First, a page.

The problem with mature markets is that the market share of the major competitors is usually set in concrete. Since price is often seen as the only differentiating factor companies generally try to run leaner and meaner but rarely is there any significant change in market share. To break this endless deadlock one can either transform the customers’ experience or dramatically reform the company’s offering or both. Cemex, a Ready mix concrete company from Mexico, is a good example of a company that did both.
The problem with the ready mix concrete market is that it has a product with a very short shelf life. It begins to set from the moment the truck is loaded and if not delivered on time it’s a “hard” mess to deal with.
Ideally, Ready mix companies want to drive up to a construction site, drop their load and run so they can most efficiently utilize their trucks and avoid losses in productivity and expensive clean ups due to delays. The construction companies they are delivering to, with their costly equipment and crews, also want the Ready mix companies to arrive just at the right moment so they can optimize their resources and pour the concrete with minimal disruption to the work flow. Neither the construction company nor the Ready mix company want to be left waiting as lost time and subsequent scheduling nightmares can suck the profit margin right out of a job.
Unfortunately, the problem with construction sites is that they are mostly in urban areas where traffic can delay deliveries. Add in weather considerations and other inevitable setbacks that happen and this can all add up to a lot of money for an industry dependent on good timing.
When Lorenzo Zambrano became CEO of the Mexican Ready mix company Cemex, he was determined to find a better way of doing business. Traditionally, construction companies buy concrete by the cubic yard but in fact what they value is the right amount of concrete delivered precisely on time. To bring more flexibility to the Ready mix delivery business Cemex studied pizza delivery companies, Fedex and ambulance dispatchers. Cemex developed a central command centre and equipped their cement trucks with radios so they could re-route them on the fly. This added flexibility where Cemex could deliver earlier if needed and reroute trucks to other pressing jobs if the primary site wasn’t ready. Additionally, Cemex’s system meant concrete was more fully utilized meaning customers only paid for what they needed and extra concrete could be used in other jobs. Construction managers love this system as the flexibility boosts their bottom line.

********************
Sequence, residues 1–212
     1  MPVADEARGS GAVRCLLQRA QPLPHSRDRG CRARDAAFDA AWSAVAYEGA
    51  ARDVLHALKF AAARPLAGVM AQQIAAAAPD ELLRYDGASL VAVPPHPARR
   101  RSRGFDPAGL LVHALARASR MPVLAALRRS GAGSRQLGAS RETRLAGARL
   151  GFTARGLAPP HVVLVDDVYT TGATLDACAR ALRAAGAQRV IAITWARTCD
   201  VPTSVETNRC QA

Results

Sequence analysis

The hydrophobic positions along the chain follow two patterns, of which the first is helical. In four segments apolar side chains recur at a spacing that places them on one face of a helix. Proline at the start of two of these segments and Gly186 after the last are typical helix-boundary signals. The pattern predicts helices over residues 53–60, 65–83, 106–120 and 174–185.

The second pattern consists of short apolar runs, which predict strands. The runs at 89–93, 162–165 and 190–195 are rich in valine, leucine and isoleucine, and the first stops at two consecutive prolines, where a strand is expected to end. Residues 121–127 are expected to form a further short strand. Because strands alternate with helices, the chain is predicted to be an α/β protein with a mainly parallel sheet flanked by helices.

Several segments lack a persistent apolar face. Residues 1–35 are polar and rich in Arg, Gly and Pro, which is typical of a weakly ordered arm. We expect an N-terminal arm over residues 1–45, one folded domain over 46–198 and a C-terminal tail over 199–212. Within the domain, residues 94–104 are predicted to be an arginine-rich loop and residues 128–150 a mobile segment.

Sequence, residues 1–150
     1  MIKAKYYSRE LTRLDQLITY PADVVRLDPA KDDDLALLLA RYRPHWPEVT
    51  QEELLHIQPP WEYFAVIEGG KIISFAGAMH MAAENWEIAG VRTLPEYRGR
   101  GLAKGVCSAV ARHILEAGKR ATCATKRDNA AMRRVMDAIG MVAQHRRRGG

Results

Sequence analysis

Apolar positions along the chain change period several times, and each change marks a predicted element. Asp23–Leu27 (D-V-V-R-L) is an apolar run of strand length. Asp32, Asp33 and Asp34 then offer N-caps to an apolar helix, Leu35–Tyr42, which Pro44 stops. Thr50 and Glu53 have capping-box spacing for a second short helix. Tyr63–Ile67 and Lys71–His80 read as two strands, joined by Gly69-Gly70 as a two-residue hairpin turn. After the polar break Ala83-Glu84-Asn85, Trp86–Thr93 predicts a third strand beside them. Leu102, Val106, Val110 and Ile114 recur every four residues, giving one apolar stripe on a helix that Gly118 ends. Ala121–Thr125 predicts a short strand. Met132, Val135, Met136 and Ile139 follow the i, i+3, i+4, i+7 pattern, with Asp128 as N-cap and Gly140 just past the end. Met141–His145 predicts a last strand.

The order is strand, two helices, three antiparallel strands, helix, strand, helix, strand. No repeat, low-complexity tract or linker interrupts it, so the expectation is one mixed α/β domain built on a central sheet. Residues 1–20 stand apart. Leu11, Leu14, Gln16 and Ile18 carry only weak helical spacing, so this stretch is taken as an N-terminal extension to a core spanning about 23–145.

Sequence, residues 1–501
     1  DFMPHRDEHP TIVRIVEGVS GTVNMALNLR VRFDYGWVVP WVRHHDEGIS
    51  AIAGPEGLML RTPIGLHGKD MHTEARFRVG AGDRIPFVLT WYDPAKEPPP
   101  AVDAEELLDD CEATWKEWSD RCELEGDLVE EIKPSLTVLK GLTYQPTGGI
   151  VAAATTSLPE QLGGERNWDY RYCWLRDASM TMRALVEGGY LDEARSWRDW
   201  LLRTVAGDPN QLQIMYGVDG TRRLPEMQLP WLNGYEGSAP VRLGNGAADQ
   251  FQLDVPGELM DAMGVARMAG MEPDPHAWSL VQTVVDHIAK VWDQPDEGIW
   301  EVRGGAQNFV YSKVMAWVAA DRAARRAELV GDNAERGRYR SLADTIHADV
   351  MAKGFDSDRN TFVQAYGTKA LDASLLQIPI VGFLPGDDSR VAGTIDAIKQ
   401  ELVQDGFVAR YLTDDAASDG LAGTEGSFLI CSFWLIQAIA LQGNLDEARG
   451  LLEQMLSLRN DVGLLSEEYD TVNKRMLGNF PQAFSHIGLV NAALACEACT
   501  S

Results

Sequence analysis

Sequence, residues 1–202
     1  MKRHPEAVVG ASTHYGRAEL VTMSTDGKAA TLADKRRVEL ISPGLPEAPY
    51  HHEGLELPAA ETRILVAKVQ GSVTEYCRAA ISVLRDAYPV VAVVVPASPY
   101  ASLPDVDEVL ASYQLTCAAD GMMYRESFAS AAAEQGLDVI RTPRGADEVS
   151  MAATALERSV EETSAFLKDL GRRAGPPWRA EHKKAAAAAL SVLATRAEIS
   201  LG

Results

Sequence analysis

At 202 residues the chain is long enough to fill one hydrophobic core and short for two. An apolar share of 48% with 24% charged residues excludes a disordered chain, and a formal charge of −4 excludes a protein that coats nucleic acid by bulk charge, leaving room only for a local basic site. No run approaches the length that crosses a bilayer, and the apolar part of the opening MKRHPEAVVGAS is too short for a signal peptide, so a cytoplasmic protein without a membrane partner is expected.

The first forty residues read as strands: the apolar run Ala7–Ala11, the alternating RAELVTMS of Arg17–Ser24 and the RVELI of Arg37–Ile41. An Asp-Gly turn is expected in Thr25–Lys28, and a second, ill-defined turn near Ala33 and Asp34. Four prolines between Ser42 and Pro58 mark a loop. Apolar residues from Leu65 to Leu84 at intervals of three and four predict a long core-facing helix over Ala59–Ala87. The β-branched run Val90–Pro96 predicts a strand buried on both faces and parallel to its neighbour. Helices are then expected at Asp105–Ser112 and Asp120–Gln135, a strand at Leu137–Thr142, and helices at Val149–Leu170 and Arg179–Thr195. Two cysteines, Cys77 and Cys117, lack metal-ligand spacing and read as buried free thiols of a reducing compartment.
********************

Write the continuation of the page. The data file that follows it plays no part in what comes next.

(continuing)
Cemex, once a regional cement company is now the third largest in the world operating in 30 countries with revenues over 8 billion simply because they stopped selling cement and started selling well timed deliveries of concrete.
In mature industries the strategic choices need to be well thought out. Two strategies are to transform the customers’ experience and / or to dramatically transform your company’s offering. Transforming the customer experience means one needs to fully understand the needs of the customer. What drives their costs or keeps them up at night?
As you reflect on your business:
- What keeps your customers up at night?
- Can you today, using technology and systems solve some of those problems?
- Can you today using technology and innovation dramatically transform your company’s offering so the product performs as well but costs much less to produce, deliver or service?
Each industry falls into a rut where products are turned into commodities and price seems to be the only competitive weapon. This is a trap ! – break away from this kind of thinking – don’t let the concrete set.
For the full story see “Market Busting Strategies for Exceptional Business Growth” Rita Gunther McGrath and Ian MacMillan HBR March 2005